Exception: palliative, for decompression
Inability to perform upper endoscopy
  Obstructing esophageal tumor
  Stricture
Ascites
Inability to appose gastrotomy to anterior abdominal wall
  Previous subtotal gastric resection
  Hepatomegaly, esp left lobe

Complications of PEG
Pneumoperitoneum and Peritonitis
Dislodgement of PEG Tube
Buried Bumper Syndrome
Peristomal Wound Infection
Necrotizing Fasciitis
Gastrocolocutaneous Fistula

Cholestatic Liver Disease

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Adult Cholestatic Liver Disease
  • Primary Biliary Cirrhosis
  • Primary Sclerosing Cholangitis
  • Intrahepatic cholestasis
  • GVHD liver
  • TPN induced cholestasis
  • Sarcoidosis
  • idipathic ductopenia
  • Liver transplant rejection
  • Cystic fibrosis
  • AIDS cholangiopathy
Pediatric cholestatic diseases
  • Cystic fibrosis
  • Alagille’s syndrome
  • Biliary atresia
  • Byler’s disease
  • Inborn errors of metabolism
Liver disease in cholestasis
Mediated by high levels of toxic bile acids
Preferential retention of hydrophobic bile acids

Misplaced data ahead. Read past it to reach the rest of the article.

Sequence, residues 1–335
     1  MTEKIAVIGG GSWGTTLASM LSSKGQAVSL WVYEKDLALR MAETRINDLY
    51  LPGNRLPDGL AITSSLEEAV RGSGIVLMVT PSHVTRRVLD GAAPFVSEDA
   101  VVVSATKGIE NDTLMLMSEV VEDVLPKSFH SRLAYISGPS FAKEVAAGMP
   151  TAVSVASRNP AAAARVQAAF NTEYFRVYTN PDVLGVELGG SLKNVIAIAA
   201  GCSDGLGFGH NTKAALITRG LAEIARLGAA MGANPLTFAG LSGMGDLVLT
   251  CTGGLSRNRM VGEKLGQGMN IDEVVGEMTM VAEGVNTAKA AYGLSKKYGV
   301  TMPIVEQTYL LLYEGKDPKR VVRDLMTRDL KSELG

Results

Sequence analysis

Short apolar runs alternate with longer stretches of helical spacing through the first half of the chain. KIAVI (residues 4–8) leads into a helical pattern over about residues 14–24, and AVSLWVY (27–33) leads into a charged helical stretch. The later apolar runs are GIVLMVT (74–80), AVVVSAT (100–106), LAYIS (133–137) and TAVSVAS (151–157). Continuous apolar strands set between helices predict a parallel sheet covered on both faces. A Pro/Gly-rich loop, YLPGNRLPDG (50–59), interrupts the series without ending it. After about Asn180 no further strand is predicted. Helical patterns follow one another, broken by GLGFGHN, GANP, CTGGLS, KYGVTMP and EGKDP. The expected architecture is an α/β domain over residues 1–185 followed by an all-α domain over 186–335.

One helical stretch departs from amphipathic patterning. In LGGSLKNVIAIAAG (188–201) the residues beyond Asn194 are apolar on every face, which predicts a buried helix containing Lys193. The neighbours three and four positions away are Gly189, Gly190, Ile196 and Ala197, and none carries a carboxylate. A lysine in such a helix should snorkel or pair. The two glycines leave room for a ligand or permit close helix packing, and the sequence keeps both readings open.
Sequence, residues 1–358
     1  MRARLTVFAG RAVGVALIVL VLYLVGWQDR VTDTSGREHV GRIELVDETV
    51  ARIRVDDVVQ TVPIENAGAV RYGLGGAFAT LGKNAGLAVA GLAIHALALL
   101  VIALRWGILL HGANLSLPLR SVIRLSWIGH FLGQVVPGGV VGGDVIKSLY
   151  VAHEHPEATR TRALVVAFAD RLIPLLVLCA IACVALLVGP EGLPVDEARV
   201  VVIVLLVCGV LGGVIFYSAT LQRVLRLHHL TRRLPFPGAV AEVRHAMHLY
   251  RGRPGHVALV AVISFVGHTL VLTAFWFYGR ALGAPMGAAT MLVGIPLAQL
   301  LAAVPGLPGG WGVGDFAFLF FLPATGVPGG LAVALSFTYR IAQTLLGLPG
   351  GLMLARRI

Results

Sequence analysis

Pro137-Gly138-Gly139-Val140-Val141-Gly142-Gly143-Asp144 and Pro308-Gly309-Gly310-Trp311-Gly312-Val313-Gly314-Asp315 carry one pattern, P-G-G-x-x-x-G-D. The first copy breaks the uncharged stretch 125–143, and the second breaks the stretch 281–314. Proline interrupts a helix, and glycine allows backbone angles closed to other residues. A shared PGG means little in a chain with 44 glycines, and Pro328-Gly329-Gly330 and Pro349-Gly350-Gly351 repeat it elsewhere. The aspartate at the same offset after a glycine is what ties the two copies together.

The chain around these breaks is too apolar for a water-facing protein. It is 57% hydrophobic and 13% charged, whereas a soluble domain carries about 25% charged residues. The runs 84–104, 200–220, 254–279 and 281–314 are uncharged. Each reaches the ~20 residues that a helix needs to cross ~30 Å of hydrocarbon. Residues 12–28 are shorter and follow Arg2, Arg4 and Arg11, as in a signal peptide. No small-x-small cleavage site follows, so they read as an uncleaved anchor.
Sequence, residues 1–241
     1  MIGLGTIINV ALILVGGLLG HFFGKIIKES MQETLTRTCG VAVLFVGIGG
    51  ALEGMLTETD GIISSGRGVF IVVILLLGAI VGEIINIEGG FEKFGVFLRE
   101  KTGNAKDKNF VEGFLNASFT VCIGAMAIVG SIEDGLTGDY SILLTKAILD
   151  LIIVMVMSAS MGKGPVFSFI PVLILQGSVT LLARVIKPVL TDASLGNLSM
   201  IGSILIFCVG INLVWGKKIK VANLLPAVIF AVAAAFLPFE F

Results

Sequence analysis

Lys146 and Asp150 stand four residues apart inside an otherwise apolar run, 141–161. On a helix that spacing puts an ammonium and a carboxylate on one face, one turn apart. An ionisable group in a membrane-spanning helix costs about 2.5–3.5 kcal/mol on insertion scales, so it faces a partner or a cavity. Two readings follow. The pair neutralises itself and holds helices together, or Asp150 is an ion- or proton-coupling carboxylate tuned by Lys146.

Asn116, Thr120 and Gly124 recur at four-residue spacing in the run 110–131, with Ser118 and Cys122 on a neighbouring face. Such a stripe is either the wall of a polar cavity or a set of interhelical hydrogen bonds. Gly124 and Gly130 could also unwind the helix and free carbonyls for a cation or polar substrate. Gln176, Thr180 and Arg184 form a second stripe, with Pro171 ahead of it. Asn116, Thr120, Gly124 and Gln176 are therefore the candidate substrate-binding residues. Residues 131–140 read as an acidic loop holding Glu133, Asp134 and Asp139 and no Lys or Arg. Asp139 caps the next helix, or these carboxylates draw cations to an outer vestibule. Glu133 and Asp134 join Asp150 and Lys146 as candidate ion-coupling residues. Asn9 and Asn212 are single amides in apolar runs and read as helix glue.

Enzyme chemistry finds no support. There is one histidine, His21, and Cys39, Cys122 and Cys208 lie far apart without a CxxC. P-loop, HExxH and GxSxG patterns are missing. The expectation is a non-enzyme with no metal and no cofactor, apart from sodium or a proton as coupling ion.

Direct damage to hepatocytes and bile duct cells
Lithocholic and chenodeoxycholic acids are toxic
Degree of liver damage related to bile acid level
Damage to cell membranes, necrosis
Cholestasis may lead to immune activation
Mechanism is probably multifactorial
Initial immunologic insult
Bile duct loss and failure to transport bile acids
Retention of hydrophobic bile acids
Cholate, chenodeoxycholate accumulate
further direct and immune-mediated damage

Clinical complications of cholestasis
Pruritus very common and may be disabling
Exact mechanism unknown
Possible relationship with bile acid levels
Fat malabsorption and steatorrhea
Fat-soluble vitamin deficiencies (A, D, E, K)
Marked elevation in cholesterol levels
Xanthomas and xantholesmas
 Early and severe osteoporosis may occur

Laboratory tests in cholestatic disease

Very high serum alkaline phosphatase, GGT
Less striking elevation in other liver enzymes
Serum bilirubin is elevated late in the disease
Four stages of disease:
 one: no symptoms
 two: fatigue and pruritus
 three: liver fibrosis and elevated bilirubin
 four: cirrhosis and liver failure

Pathophysiology of renal failure

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The most important functions of the kidney
To keep osmotic pressure
To regulate salt and water balance
To excrete metabolic byproducts
To excrete toxic compounds
Acid-base regulation
Endocrine function (erythropoetin, etc)
Synthesis of enzymes and regulatory compounds

Definition of acute renal failure
It develops in days or weeks